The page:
International Day of
Brief Report on Activities in South Africa and Memo
24 June 2004
Today, in Johannesburg, Cape Town, Durban and East London, the
Treatment Action Campaign led marches calling on the US Government to
invest in health not war. Each march was attended by hundreds of
Seminars These activities were part of an international day of
aimed at the Bush Administration. In Johannesburg, COSATU President,
Willie Madisha, addressed the marchers. In Durban and Cape Town, a
delegate of the US Consulate accepted the following memorandum
President George W. Bush
C/O Ambassador Cameron R. Hume
United States Embassy
877 Pretorius St, Pretoria
24 June 2004
Delivered By Hand to US Consulates in South Africa
Dear President Bush
INVEST IN HEALTH NOT WAR!
Today, over eighty organisations around the world concerned with health
and human rights have joined together to express our concern with the
current policies and actions of the US government. In South
are marching in four cities to say that we are deeply disturbed by the
actions and policies of your Administration that undermine the
prevention and treatment of HIV/AIDS. The effect of the US
government's unlawful war in Iraq has been to divert international
attention and resources away from global health and poverty.
Hundreds of billions of dollars are being spent on the military instead
of investing resources in the biggest threats to human security today:
HIV/AIDS, tuberculosis (TB), malaria, malnutrition and poverty.
2003, the United Nations estimated that 2.5 to 3.5 million people died
of AIDS, one million of malaria and two million of TB. Yet these
diseases can be prevented and treated. Further, an estimated 800
million people endured malnutrition, which continues to play a major
role in half of the more than ten million annual child deaths in the
In many countries women undergo back-street abortions and risk death
because they are denied the right to make reproductive choices.
Inappropriate moral judgments stigmatise condom use and distribution,
thereby putting millions of people at risk of HIV and other sexually
transmitted infections. The spread of HIV is further fuelled by
oppression of sexual minorities and draconian legislation that targets
commercial sex workers and intravenous drug users.
Successfully reducing HIV infections and giving more people with AIDS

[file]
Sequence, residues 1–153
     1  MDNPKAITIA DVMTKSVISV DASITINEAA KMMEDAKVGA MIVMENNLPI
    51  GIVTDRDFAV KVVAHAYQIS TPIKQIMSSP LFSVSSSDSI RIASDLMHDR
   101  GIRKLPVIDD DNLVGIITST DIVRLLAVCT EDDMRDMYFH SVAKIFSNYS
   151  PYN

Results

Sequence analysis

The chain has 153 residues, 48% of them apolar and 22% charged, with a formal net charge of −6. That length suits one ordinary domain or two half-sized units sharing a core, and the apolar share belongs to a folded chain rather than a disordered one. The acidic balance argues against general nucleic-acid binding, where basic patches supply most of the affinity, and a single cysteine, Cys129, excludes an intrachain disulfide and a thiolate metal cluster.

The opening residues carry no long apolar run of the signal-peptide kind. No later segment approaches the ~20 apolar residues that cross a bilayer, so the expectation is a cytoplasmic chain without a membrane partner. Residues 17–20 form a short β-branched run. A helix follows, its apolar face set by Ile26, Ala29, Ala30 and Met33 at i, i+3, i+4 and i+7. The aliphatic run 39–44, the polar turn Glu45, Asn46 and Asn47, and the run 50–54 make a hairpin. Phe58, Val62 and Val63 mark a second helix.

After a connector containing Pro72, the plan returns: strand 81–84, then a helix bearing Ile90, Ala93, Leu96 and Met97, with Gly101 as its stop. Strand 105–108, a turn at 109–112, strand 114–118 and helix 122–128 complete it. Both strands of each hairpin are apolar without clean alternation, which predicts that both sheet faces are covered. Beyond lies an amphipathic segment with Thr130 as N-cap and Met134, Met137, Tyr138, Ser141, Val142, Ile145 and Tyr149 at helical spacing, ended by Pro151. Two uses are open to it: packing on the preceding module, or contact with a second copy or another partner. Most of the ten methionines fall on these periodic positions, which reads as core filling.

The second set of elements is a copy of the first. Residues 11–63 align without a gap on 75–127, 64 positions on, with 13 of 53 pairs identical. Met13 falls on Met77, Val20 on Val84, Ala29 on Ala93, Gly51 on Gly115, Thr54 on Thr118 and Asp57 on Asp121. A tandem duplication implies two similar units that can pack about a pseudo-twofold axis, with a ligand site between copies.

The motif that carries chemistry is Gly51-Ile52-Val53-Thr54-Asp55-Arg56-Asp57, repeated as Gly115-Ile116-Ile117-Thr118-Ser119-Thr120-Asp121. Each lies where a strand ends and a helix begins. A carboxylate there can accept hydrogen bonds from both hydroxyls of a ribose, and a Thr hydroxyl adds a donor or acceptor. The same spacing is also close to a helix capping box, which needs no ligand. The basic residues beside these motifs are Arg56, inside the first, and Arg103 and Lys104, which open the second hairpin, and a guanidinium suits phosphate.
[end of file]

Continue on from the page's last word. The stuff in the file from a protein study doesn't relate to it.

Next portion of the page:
access to life-saving medicines requires the promotion of human rights
and investment in developing world health systems. The World
Organization (WHO) has called for three million people with AIDS to be
treated with life-saving antiretroviral medicines by 2005, but your
Administration has shown little political will for promoting this
objective or human rights.
We therefore say to your Administration:
Invest more money in the Global Fund to Fight AIDS, TB and Malaria!
The Global Fund to Fight AIDS, TB and Malaria (the Global Fund) is the
best opportunity for responsible funding of initiatives to prevent and
treat infectious diseases in poor countries. Yet this initiative
remains substantially underfunded. In January 2003, your
Administration promised $15 billion over the next five years to
alleviate the HIV epidemic. The Treatment Action Campaign (TAC)
other organisations cautiously welcomed your promise. Yet the
expenditure approved by the US Congress as part of this commitment for
2004 is only $2.4 billion, of which most funds are going to the
President's Emergency Plan for AIDS Relief (PEPFAR) and not the Global
The total amount of US aid money for 2004 is $17.55 billion. Yet the
military budget approved for 2004 is already $368.2 billion and your
Administration has requested a further $87 billion war supplemental for
Iraq. Much of this military budget is being used to fight the
so-called "War Against Terror" and to sustain the occupation of
We acknowledge the threat of terrorism. However, the most
and widespread threats to global security are the ones exacerbated by
poverty and lack of development: the HIV/AIDS, malaria and TB
epidemics, as well as malnutrition. Alleviating these problems,
together with promoting human rights and negotiating solutions to world
problems through international institutions, is the best way to ensure
long-term global security.
Your Administration must lead the world's countries in a drive to
ensure the Global Fund receives the finance it needs and the WHO
achieves its aim of treating 3 million people with antiretrovirals by
the end of next year.
Stop Undermining Public Confidence in Safe, Effective Anti-AIDS
In recent months your Administration has used pseudo-scientific
arguments actively to undermine access to generic antiretroviral
medicines, in particular fixed-dose combination (FDC) antiretrovirals